In my pre-spring training MLB Power Ranking, I had the Rox ranked in the #13 position. I thought that it might have been a bit of a reach at the time. But the Rockies looked to me like they had the talent to surprise.
Flash forward a few months, and there they are, at the top of the NL West Division standings. Manager Bud Black had his club at 14 games above the .500 mark twice thus far. After winning three of their last four games, Colorado is approaching that mark once again.
The offense is usually a given at Coors Field, and this season is no exception. First baseman Mark Reynolds, nearly an afterthought signing, has been a particular revelation.
But the real reason that Colorado is in first place is pitching. Always the bane of the franchise’s attempts to contend, young homegrown arms are thriving this season.
Closer Greg Holland, signed as a roll of the dice free agent after missing all of last season, has been lights out in the bullpen. He has allowed 10 hits over 21.2 innings with a 30/7 K:BB ratio.
And the Rockies may be able to improve. Perennial NL All-Star contender Carlos Gonzalez, in the final year of a big seven-year contract, has not yet begun to heat up. If he starts to hit up to his normal production levels, Colorado might stay in the race all year long.
Coming into the season, the BoSox were my pick to win the American League East Division and capture the AL pennant. They took the #3 spot in my pre-spring training MLB Power Ranking.
Much as with a number of anticipated 2017 contenders, the Red Sox struggled over much of the first two months. The club fell to .500 at 21-21 as recently as May 20.
But since that point, Boston has won 10 of 14 games to move with two games of the division lead. John Farrell is finally getting this potential juggernaut to play to their potential.
Big trade acquisition Chris Sale has proven a Cy Young contender in his first season after switching his Sox from the White to the Red variety. Boston envisioned a premier rotation, with Sale joining lefty ace David Price and 2016 Cy Young Award-winner right-hander Rick Porcello.
But Price started the season on the DL, finally making his debut last week. And Porcello has reverted to the inconsistency that plagued his career prior to last season.
While Boston doesn’t have the big power in the middle of their order that some other AL contenders possess, they do have an enviable array of offensive talent. Three of the best, outfielders Mookie Betts and Andrew Benintendi and shortstop Xander Bogaerts, are 24 years of age or younger.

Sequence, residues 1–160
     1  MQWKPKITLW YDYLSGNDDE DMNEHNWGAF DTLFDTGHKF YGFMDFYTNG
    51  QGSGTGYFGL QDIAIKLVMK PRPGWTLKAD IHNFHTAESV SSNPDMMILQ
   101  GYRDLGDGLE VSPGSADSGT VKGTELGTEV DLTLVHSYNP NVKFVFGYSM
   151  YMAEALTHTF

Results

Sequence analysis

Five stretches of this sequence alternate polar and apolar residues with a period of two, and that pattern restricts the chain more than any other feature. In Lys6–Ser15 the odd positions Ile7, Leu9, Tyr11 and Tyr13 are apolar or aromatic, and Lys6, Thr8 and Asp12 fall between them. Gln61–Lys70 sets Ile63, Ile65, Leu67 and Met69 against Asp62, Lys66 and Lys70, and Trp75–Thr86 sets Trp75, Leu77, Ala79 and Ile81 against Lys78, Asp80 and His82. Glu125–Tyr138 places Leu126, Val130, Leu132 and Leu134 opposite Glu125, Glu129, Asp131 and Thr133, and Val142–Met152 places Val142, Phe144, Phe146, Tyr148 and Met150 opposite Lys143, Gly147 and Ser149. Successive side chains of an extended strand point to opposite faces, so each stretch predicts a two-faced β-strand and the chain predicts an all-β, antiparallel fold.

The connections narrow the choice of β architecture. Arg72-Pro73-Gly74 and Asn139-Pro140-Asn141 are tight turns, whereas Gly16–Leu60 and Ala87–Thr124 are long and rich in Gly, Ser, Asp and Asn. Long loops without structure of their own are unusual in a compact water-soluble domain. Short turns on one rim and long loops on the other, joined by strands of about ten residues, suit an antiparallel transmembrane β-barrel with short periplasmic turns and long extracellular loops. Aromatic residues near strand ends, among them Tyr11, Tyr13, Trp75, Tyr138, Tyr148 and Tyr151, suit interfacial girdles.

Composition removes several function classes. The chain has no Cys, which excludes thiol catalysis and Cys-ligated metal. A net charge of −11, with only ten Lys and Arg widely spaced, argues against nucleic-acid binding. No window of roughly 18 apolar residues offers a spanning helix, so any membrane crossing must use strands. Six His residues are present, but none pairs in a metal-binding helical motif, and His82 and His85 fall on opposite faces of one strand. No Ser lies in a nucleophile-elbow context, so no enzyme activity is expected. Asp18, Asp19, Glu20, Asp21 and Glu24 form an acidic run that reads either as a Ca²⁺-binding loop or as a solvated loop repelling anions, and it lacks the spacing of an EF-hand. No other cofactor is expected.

If Price stays healthy and pitches to his career norms, and Porcello just improves a little, the Red Sox could run away with the division. I still see them as the AL’s top overall ball club by the time all is said and done.
The latest version of the Bronx Bombers is proving thus far to be a little ahead of where I thought they would be at this point. I had the Yanks ranked at #16 on my pre-spring training list.
The Yankees dropped four of their first five games right out of the shoot. But then Joe Girardi‘s charges went on a run. They won eight in a row to being a stretch of 20 victories in 25 games.
Since that hot stretch, New York has leveled off, playing to an 11-12 record. But the overall results have them in first place in early June, two games ahead of the arch-rival Boston Red Sox.
Castro is hitting .315 with nine homers, 31 RBI, and 38 runs scored. The rookie Judge is hitting for a ..324/.429/.681 slash line with 18 home runs, 41 RBI, 44 runs scored, and five steals. Both players are performing at an All-Star pace.
A big breakout surprise has been outfielder Aaron Hicks. In 170 plate appearances, Hicks is hitting for a .321/.432/.577 slash line with eight homer, 31 RBI, 30 runs scored, and seven stolen bases.
The Yankees pitching has really been a difference maker thus far. 23-year old Luis Severino, 24-year old Jordan Montgomery, and 28-year old Michael Pineda are having nice seasons. And 36-year old C.C. Sabathia, while no longer an ace, has also been effective.
The bullpen lost closer Aroldis Chapman, who was having another strong season. No problem. Dellin Betances, Adam Warren, Tyler Clippard, and Jonathan Holder have been outstanding. Ditto Chasen Shreve and Chad Green in lesser exposure.